Melissa Parker and Chris Hodges, respectively holding sons Henry and Daniel, pose with members of the Metal Tech team, net division champions at last year’s Henry’s Heroes Golf Tournament. The 2014 event is scheduled for Aug. 12 at Valley Pine Country Club in Lasker. Staff Photo by Cal Bryant
Melissa Parker and Chris Hodges, respectively holding sons Henry and Daniel, pose with members of the Metal Tech team, net division champions at last year’s Henry’s Heroes Golf Tournament. The 2014 event is scheduled for Aug. 12 at Valley Pine Country Club in Lasker. Staff Photo by Cal Bryant

Archived Story

New site; same effort

Published 4:26pm Sunday, July 27, 2014

LASKER – The venue has changed, but the cause remains the same.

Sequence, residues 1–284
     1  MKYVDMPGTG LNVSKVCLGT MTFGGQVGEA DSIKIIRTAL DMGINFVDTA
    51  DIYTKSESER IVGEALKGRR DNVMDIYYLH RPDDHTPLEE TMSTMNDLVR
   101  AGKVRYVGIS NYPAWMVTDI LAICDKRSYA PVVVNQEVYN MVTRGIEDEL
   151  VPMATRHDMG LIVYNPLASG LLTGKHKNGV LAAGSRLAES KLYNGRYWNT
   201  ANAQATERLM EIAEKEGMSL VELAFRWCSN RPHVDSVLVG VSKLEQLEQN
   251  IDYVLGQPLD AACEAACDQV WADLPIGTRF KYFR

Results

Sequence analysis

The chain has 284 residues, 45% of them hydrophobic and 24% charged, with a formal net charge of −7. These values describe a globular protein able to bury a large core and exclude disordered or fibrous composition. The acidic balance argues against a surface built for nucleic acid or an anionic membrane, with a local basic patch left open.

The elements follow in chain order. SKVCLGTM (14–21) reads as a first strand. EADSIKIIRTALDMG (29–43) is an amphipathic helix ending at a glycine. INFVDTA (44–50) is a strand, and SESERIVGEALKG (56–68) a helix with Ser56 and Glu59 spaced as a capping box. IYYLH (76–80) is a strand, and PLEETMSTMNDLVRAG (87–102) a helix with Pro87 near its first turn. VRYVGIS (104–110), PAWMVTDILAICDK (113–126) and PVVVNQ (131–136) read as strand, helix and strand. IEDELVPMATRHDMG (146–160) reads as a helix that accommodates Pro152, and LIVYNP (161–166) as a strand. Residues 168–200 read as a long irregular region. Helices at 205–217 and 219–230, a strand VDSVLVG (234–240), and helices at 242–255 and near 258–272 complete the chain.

The third annual Henry’s Heroes Golf Tournament – benefitting four-year-old Henry Hodges of Murfreesboro who was diagnosed two years ago with a malignant brain tumor – is scheduled for its traditional date (the second Tuesday in August; which falls on the 12th this year). However, ongoing improvements at the event’s traditional venue (Beechwood Country Club near Ahoskie) has led tournament officials to seek a new location.

Four-year-old Henry Hodges has been battling a brain tumor since 2012.
Four-year-old Henry Hodges has been battling a brain tumor since 2012.

“The good folks over at Valley Pine (Country Club) in Lasker have graciously allowed us to use their course this year,” said Brandon Hodges, the event’s director and Henry’s uncle. “Valley Pine is a very challenging course, one I think those participating in this year’s tournament will like.”